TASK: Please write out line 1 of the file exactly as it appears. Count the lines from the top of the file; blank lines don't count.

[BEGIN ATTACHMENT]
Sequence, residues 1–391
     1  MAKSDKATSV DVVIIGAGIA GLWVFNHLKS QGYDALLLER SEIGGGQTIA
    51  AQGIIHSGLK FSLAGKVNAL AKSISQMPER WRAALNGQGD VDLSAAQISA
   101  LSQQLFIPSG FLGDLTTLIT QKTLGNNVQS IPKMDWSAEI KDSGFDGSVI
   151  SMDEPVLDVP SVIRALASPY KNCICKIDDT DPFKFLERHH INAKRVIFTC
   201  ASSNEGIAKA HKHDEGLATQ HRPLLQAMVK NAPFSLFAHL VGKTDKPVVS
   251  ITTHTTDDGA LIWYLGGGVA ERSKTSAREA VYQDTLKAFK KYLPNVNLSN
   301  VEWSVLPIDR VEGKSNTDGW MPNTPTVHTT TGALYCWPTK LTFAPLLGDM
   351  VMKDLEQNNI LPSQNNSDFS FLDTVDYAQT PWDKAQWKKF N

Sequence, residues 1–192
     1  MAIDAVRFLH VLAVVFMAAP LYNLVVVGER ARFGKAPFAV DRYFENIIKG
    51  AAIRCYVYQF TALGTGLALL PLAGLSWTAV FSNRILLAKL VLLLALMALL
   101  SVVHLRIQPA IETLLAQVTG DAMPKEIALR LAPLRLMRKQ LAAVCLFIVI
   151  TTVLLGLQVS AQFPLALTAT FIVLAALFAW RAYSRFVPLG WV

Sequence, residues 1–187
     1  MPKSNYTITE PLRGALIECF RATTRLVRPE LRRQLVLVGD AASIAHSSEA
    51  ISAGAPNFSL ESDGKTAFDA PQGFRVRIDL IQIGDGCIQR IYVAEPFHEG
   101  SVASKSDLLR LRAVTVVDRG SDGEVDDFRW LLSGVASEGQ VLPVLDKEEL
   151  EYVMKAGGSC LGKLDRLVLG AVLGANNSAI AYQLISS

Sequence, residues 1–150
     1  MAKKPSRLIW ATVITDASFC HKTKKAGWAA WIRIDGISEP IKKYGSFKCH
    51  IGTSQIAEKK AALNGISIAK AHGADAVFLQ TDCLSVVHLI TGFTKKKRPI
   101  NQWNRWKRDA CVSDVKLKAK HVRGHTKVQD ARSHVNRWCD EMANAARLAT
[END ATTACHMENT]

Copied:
Sequence, residues 1–391